Syrian President Bashar al-Assad and Russian President Vladimir Putin met in Moscow on Oct. 21. Russia has supported the Syrian government throughout that nation's civil war. (Kremlin)

Syrian President Bashar al-Assad ventured outside his beleaguered nation for the first time in more than four years Wednesday to meet Russia’s Vladimir Putin in a surprise visit to Kremlin patrons now backing Syria’s government with military might.

The landmark trip is a powerful signal of Russia’s growing support for the embattled Syrian government as it fights an armed rebellion that includes factions backed by the West and many Middle East partners.

Russian warplanes have struck Syrian rebel targets across the country in recent weeks, allowing Assad’s forces to go on the offensive and giving the Damascus government a critical lifeline after near-constant battles since 2011.

Russia insists it is battling the Islamic State, which controls parts of Syria, but anti-government rebels and activists say few of the Russian strikes have hit the jihadists. Assad has painted his government’s military crackdown as a fight against terrorism.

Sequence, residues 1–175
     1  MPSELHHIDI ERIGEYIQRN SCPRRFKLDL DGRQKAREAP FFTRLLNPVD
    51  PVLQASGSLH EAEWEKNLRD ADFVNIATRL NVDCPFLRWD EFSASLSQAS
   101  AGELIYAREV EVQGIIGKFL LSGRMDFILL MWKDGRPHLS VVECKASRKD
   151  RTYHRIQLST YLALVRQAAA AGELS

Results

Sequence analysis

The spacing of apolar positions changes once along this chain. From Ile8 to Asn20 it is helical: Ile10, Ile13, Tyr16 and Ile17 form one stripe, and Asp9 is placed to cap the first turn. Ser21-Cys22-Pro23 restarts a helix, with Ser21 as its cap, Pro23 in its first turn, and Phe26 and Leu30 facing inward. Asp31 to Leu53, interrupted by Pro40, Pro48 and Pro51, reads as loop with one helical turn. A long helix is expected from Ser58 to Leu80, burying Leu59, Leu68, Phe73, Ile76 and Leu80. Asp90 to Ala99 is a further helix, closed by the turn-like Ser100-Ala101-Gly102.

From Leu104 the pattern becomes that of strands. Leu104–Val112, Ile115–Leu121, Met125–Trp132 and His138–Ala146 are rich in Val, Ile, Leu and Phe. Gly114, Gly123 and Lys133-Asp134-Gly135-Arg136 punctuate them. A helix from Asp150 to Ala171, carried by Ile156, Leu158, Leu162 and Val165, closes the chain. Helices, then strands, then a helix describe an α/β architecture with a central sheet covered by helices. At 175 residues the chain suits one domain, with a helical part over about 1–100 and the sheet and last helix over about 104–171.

But the Russian intervention has deepened tensions with Washington, which is leading separate airstrikes against the Islamic State and rejects a long-term role for Assad in Syria’s future.

The alliance between Russia and the regime of Bashar al-Assad goes back decades. Here's a bit of historical context that explains why Russia is fighting to prop up its closest ally in the Middle East. (Ishaan Tharoor and Jason Aldag/The Washington Post)

The Pentagon and NATO allies have expressed worry over possible inadvertent encounters between Russian and U.S.-led coalition aircraft in the skies over Syria. Neighboring Turkey has accused Russia of twice violating its airspace and shot down a Russian-made drone last week.

On Friday, Secretary of State John F. Kerry is expected to meet with his counterparts from Russia and two main Assad foes — Turkey and Saudi Arabia — to discuss Syria, the Russian Foreign Ministry said.

Putin has made clear that Russia seeks to have a key role in any moves on Syria’s political future, apparently to ensure that Moscow does not lose its main foothold in the region.

“We are ready to make our contribution not only in the course of military actions . . . but during the political process,” Putin said, according to a transcript released by the Kremlin.

But few specific details emerged from the meetings with Assad.

The extraordinary trip was announced after Assad had already returned to Damascus.

Putin thanked Assad for visiting Moscow at Russia’s request, praised the Syrian people for fighting opponents for several years “practically on their own” and said that “serious results have been achieved in this battle,” according to the Kremlin transcript.

“If it were not for your actions and decisions, the terrorism that is spreading through the region now would have made even greater gains, and spread to even wider territories,” Assad said to Putin, according to the transcript.